A single brick wall and rolls of razor wire were all that separated the comparatively safe life in Sonderlarger A from the barbaric mass slaughter taking place in Sacheshausen’s main compound. It was not long before plans were being hatched to break out and escape. In such a dangerous environment, absolute secrecy was paramount and no non-British inmates were are aware of what was going on beneath their feet. Discovery would certainly be fatal for all concerned. A tunnel was dug from beneath Jimmy James’ bunk without any of the infrastructure and escape networks that made the Sagan tunnels possible. The soil was firm and didn’t need shoring up, a good job too since there was no material whatsoever to reinforce a tunnel. Soil was dispersed in the tight void above the ground and beneath the floor of the cell block. It took four months of struggle in absolute darkness and foul air to dig one hundred and fifteen feet into an empty partly constructed compound north of Sonderlager A. James and Dowse did all the digging. Wings handled security and watch. Dodge was simply too robustly built to take part in the tunnel construction even after months of living on the meagre camp rations.
The escape was made on 23rd September 1944. The four men were joined by a British Commando and trusted inmate, Lt. Col. Jack Churchill. Dodge managed to evade recapture for around a month. The others were all caught within days and returned to Sachsenhausen. However, they were not returned to Sonderlarger A. They were chained to the concrete floors in Sachsenhausen’s notorious ‘Death cells’ in appalling conditions for several months. By February 1945, the war was rapidly drawing to a close and perhaps sensing that the British prisoners might be valuable bargaining chips in future surrender negotiations, Day, Dowse, James and Churchill were moved from solitary confinement back to Sonderlager A to be greeted with great honour by their former fellow inmates. Their relief at having escaped almost certain death yet again was tempered by the disappearance of Johnny Dodge.
Clearly audible artillery fire, huge bombing raids on Berlin and Soviet forces rapidly advancing into Germany from the east signalled the beginning of the end for Sachsenhausen and the inmates from both Sonderlager blocks were transported south by train to Flossenberg Concentration Camp. If they were expecting better conditions, they were to be bitterly disappointed but by this time it was clear that their SS captors were more concerned for their own future safety and keeping their VIP prisoners alive would possibly save their own skins. The stay at Flossenberg lasted a mere two weeks before the Sonderlager prisoners were moved by truck, first to Dachau where they were locked in the now deserted camp brothel and thence to Niederdorf in Northern Italy. On 28th April, Day took advantage of the growing chaos and collapsing SS discipline to commandeer a car and drive at breakneck speed towards the American front line approaching from the south. It was his 9th and final escape after being a POW since 1939. It is thanks to Wings Day that the Allies were notified of the hostage situation in the Italian Tyrol and troops were quickly despatched to drive north and rescue them.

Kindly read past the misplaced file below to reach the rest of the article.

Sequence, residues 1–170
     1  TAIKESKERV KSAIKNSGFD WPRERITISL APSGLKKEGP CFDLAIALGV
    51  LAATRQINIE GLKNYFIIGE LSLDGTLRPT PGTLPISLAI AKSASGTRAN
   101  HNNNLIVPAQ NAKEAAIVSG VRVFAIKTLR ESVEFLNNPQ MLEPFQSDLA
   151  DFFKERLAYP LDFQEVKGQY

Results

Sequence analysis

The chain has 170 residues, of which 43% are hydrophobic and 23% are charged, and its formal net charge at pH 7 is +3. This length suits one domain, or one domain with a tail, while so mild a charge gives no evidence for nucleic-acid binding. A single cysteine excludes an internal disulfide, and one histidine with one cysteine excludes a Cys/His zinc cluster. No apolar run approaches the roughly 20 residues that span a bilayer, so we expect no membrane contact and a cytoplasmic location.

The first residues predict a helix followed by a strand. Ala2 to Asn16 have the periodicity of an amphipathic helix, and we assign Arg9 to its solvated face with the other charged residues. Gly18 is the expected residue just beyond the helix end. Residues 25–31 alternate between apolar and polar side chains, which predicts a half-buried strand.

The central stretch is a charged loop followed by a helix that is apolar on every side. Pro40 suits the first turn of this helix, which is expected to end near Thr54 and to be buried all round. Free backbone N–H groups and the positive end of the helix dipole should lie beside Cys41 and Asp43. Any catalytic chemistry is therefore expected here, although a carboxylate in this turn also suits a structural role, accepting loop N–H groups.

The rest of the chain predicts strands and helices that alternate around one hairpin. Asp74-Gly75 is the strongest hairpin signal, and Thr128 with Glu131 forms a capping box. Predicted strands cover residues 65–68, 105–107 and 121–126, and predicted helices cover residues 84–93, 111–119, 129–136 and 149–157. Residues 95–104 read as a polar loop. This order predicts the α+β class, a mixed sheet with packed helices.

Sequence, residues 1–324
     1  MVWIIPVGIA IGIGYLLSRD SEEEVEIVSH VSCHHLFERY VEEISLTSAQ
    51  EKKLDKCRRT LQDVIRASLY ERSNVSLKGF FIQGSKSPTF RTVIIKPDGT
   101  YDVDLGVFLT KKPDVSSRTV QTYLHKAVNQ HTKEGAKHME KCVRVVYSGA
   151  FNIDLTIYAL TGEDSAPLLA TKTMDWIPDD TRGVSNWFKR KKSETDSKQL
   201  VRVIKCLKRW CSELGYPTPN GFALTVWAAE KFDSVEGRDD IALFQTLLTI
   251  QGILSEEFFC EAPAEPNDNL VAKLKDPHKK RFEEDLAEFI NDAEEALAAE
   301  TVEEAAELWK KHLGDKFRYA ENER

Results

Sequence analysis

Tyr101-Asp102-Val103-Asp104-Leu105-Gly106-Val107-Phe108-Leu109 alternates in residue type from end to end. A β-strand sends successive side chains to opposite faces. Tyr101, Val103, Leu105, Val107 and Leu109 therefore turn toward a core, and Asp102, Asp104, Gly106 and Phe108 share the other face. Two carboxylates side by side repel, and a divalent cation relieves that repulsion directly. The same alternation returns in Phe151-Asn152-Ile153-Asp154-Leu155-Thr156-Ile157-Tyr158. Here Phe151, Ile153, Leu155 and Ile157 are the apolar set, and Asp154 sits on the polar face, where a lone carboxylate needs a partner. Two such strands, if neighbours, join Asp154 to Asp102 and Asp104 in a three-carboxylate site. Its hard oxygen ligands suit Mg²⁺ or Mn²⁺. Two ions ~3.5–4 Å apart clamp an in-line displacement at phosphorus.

The irrepressible Johnny Dodge had not perished at Sachsenhausen. Due to his family connection with the Churchills, he was unwittingly recruited by senior German Foreign Ministry officials as an ‘ad hoc’ peace envoy. Their intention was for Dodge to return to England via Switzerland and to offer Churchill their terms for a conditional surrender. The bewildered Dodge was driven by car on a bizarre odyssey through the bomb shattered remains of the Third Reich, firstly to Berlin where he was kitted out in brand new clothes and shoes and taken with his escort, Dr Hans Thost, to meet Hitler’s personal interpreter, Paul Schmidt. Dodge was then was driven by Thost to Dresden where they narrowly escaped being killed in the first of three great bombing raids on the city. After finding their hotel in ruins, Dodge and Thost travelled by bus to Weimar where they escaped being bombed a second time. The following day they headed south towards the Swiss border only to be arrested by police as suspected spies after being overheard speaking English in a bar in Regensburg. Thost, a senior government official, was incandescent and it required the intervention of the local Gestapo to get them released. Dodge finally crossed the Swiss border on 25th April 1945 and after a debriefing by MI6 in Bern, he was swiftly repatriated to England. He met with Winston Churchill just a couple of days before the war in Europe ended. The surrender terms were never accepted.
The Dodger by Tim Carroll
The Great Escape from Stalag Luft III by Tim Carroll
Moonless Night by B A ‘Jimmy’ James
Wings Day by Sydney Smith
The Great Escape by Paul Brickhill
The Great Escape by Anton Gill
© Ye Olde Sausage Machine 2019
The Goodnight Vienna Audio file